Debt Contagion Threatens Italy

Europe's failure to convincingly tackle the problems in the smaller states has now created doubts about the major economies.

Amiel Ungar , | updated: 11:45 PM

Giulio Tremonti
Giulio Tremonti

 When the European Union made strenuous efforts to contain the sovereign debt crisis in the smaller and peripheral European states of Greece, Portugal and Ireland by offering bailouts, it was cognizant of the risk of contagion. By showing its determination in the manageable countries, the European Union was hoping to deflect concern about the major economies that were in financial trouble, These are mainly Spain and Italy.

This policy had a corollary- if the handling of the financial situation in the small countries was suspect or dodgy, this would eventually raise questions about the major countries in financial trouble.

The European Union has faced a re-eruption of the Greek debt crisis and has yet to put the final touches on the second bailout. Portugal had its bonds marked down to junk by the credit rating companies.

Italy is contending with political instability since the recent electoral setbacks to the government. Italian Premier Silvio Berlusconi picked perhaps the most inappropriate time to place a question mark on the future of his finance minister Giulio Tremonti. "He is the only minister who is not a team player."

This gave the impression that the finance minister would soon be booted off team Berlusconi. In Italian finance, Tremonti is a reassuring face to investors. Only two weeks ago he unveiled a cost-cutting program a €47 billion designed to balance the budget by 2014 as well as to reissue reassure investors and keep Italy's A+ credit rating.

The fear that the already unstable Italian government would be imminently losing its economic helmsman triggered a mini panic that was reflected on the stock exchanges of Italy and Europe. Italy's Unicredit bank fell by 20% last week and the decline continued today. Some blue chips such as Fiat had trading suspended due to the gravity of losses.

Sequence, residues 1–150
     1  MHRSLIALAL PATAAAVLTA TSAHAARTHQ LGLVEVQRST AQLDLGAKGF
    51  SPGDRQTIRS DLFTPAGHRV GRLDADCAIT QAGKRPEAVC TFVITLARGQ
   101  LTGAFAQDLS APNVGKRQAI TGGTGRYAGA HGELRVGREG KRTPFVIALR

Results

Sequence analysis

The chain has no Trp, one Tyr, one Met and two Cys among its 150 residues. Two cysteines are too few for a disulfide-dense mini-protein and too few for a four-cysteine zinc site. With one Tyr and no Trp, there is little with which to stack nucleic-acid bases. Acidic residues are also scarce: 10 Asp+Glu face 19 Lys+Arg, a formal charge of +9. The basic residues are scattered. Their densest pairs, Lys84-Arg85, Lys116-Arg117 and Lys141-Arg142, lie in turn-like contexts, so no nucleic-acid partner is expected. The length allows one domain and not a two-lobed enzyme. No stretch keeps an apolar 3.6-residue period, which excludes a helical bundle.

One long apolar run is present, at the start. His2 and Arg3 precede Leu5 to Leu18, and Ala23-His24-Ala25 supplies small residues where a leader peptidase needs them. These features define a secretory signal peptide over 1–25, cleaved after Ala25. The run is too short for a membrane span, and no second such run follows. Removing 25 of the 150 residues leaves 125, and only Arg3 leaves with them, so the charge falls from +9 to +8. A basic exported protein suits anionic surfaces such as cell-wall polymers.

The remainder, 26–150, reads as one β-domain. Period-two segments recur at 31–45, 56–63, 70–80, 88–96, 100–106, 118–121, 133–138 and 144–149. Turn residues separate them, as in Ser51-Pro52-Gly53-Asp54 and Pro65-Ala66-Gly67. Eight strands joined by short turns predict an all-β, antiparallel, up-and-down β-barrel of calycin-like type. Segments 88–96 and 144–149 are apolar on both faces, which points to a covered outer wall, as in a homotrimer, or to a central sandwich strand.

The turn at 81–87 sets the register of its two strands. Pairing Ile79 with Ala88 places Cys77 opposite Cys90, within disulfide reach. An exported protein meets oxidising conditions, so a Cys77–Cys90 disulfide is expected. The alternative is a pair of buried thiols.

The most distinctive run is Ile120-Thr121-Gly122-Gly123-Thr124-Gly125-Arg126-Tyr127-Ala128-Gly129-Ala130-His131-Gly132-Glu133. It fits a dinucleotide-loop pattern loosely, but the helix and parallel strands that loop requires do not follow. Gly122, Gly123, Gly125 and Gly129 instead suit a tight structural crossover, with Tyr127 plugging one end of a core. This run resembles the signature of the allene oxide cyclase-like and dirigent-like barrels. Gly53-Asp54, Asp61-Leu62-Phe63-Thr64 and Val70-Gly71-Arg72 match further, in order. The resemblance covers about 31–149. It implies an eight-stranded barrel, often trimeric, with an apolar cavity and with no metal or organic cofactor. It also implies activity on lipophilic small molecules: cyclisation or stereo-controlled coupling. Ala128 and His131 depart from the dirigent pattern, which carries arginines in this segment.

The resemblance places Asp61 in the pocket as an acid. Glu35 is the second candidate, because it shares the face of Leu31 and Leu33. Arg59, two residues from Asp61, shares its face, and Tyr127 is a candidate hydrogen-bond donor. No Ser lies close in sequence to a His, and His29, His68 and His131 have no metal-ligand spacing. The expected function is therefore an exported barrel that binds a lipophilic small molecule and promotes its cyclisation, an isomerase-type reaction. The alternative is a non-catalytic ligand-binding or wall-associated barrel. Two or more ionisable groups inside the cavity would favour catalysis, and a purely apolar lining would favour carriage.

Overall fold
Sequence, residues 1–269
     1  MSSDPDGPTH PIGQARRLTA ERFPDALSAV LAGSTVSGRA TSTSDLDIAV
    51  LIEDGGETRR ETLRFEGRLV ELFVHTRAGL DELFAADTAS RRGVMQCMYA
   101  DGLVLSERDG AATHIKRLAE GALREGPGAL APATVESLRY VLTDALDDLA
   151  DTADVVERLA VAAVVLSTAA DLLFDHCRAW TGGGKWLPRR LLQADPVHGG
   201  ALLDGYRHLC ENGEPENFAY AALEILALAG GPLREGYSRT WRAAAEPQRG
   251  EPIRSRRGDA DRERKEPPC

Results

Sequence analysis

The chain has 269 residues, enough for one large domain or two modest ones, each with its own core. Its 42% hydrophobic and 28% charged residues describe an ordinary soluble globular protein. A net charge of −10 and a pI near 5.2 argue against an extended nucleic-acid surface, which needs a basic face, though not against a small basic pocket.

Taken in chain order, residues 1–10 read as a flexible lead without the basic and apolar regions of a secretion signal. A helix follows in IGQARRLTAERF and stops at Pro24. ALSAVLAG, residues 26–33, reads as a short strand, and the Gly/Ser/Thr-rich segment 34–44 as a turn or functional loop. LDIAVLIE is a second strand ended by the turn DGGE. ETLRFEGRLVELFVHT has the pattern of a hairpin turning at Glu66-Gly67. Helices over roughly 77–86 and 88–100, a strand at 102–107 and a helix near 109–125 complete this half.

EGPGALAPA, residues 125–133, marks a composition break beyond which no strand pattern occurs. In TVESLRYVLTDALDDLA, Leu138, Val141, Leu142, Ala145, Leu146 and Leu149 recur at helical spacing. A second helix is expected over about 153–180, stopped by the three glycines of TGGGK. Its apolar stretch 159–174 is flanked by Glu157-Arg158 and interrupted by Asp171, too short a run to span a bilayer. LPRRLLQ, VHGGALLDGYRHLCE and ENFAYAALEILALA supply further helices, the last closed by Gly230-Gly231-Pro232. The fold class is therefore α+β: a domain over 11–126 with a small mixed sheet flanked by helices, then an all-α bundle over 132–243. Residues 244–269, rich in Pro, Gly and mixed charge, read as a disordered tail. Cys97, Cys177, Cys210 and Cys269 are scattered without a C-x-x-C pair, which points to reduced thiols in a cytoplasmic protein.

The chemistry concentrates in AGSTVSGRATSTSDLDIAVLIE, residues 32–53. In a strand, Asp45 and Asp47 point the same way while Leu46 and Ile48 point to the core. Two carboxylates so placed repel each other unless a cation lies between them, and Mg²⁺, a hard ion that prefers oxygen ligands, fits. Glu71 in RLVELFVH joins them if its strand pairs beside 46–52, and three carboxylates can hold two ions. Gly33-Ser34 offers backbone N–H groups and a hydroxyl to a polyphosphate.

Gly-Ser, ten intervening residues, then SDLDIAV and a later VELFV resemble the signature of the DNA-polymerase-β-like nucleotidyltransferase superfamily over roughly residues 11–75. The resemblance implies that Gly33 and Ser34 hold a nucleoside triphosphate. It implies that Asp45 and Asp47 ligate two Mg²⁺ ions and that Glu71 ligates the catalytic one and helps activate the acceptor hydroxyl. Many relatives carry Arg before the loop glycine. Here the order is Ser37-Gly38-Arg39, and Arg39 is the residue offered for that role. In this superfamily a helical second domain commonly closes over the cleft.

Italy's citizens are generally frugal and pay by cash rather than by credit card (also to dodge taxation). The big debt problem in Italy is government debt. The country's debt amounts to $1.8 trillion of which 26% must be refinanced in 2011 and 2012.

As Italy has displayed stagnant growth for the past decade, impervious to governments of the left or the right, has a low degree of competitiveness and a low birth rate, analysts are questioning how Italy will be able to service its debts.

This in turn creates a vicious cycle: The greater the pessimism that Italy cannot repay its debts the higher the cost of borrowing becomes fueling further pessimism on till an explosion occurs.

Italian bonds have fallen heavily. This is what is eventually forced Greece then Ireland and finally Portugal to seek shelter in a bailout. If the contagion reaches Italy and Spain it is difficult to see how the problem can be surmounted.